The gravity of the Athens Polytechnic uprising was clearly felt when a then-unknown group, Revolutionary Organization 17 November, assassinated Richard Welch, the CIA station chief in Athens, in December 1975. From then until 2000, 17 November conducted several assassinations and attacked NATO, Greek government and Greek industrialist targets. Although the group came to be known for close-quarter assassinations using .45-caliber pistols, they also conducted a number of successful bombing attacks, such as the June 1988 assassination of U.S. Defense Attache Capt. William Nordeen. In 1989, the group stole anti-tank rockets from a military base in Larissa. The rockets were later used in attacks against buildings and armored limousines.
The 17 November operatives practiced good terrorist tradecraft and excellent operational security. This allowed them to operate far longer than their contemporary radical leftist groups in Germany and Italy. While the founders of the German Red Army Faction and the Italian Red Brigades were arrested in the 1970s, the founders of 17 November were not taken into custody until 2002, when a botched bombing on a ferry company resulted in the arrest of the bomber. Authorities used the evidence the culprit provided to arrest most of the remaining members of 17 November, whose long reign of terror finally came to an end.
But Greece was not quiet for long. Inspired by the highly publicized arrest and trial of the 17 November members, a new group arose from the radical Greek left in 2003. This group was called Revolutionary Struggle. The group shared 17 November’s anti-imperialist, anti-capitalist and anti-U.S. focus, but it was more anarchistic than the Marxist 17 November.
From 2003 to 2010, Revolutionary Struggle bombed several Greek law enforcement buildings, banks and international corporations. The group was also responsible for a number of firearm attacks against police and a rocket attack against the U.S. Embassy. In the latter attack, the group notably used an RPG-7, not the M28 super bazooka rockets associated with 17 November. The rocket-propelled grenade launcher was recovered in April 2010, when six members of Revolutionary Struggle were arrested. Two members of the group, founder Nikos Maziotis and his wife, Panagiota Roupa, fled after being released from custody during their trial in July 2012. They are still at large.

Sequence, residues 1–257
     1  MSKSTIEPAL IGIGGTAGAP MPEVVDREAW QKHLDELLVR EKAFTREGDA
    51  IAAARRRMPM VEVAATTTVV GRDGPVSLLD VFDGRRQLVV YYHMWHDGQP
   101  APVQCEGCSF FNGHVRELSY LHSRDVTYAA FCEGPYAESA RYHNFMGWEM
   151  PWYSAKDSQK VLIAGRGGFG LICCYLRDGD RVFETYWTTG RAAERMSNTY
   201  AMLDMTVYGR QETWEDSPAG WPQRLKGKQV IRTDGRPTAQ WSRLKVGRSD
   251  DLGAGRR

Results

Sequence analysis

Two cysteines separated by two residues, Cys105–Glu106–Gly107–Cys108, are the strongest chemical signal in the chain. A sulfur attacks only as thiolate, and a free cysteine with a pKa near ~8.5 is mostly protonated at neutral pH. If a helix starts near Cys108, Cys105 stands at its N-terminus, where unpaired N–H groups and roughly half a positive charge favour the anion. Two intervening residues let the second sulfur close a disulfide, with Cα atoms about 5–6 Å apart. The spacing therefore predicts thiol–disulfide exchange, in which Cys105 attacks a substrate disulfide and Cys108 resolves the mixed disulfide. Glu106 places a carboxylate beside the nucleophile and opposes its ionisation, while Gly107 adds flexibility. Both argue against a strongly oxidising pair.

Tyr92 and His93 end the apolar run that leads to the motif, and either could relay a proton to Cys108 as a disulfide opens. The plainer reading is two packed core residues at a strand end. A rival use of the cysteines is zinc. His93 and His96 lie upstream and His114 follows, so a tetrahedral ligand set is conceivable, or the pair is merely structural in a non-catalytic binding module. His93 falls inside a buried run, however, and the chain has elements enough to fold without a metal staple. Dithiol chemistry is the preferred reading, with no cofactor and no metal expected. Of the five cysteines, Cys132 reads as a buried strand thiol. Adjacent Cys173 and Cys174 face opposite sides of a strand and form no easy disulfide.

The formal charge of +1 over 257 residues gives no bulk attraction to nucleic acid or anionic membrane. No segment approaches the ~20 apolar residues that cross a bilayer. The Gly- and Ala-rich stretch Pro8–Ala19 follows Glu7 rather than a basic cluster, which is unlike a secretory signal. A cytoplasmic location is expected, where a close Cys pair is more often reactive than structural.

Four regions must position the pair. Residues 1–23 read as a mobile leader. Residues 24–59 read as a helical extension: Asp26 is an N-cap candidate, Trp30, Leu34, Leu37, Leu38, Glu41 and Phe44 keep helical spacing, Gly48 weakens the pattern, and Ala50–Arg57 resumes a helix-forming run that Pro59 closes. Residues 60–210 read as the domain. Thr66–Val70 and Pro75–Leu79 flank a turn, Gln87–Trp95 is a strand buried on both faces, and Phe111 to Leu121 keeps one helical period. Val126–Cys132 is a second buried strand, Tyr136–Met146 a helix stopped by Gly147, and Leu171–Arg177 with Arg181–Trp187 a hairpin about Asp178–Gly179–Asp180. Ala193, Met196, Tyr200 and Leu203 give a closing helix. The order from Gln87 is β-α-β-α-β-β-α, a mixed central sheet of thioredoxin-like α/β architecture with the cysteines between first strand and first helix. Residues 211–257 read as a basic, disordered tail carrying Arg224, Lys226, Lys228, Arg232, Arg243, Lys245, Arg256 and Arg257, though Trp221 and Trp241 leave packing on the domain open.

In 2008, another Greek anarchist group calling itself the Conspiracy of Fire Cells announced its presence with a series of low-level bombing attacks against car dealerships and banks in Athens and Thessaloniki. Until late 2010, the group’s attacks were meant to damage property and send messages rather than kill people — a big departure from the homicidal intentions of 17 November. In the January 2010 bombing of the Greek Parliament, the group made a warning call to a newspaper that permitted the area to be evacuated, thus avoiding casualties.
This operational paradigm changed dramatically in 2010, when the group began to send letter bombs. After a number of letter bombs were sent to the Greek Ministry of Justice, foreign embassies in Athens and German Chancellor Angela Merkel, Greek police arrested two suspects. At the time of the arrests, the suspects were found to be in possession of letter bombs addressed to then-French President Nicolas Sarkozy’s office in Paris and to the Belgian and Dutch embassies in Athens. In total, 13 people were arrested and charged for their involvement in the Conspiracy of Fire Cells letter bomb campaign.
In the weeks before their trial in January 2011, anarchists in Italy mailed letter bombs packed with shrapnel to several embassies in Rome. On Dec. 28, 2010, anarchists attacked the Greek Embassy in Buenos Aires, which was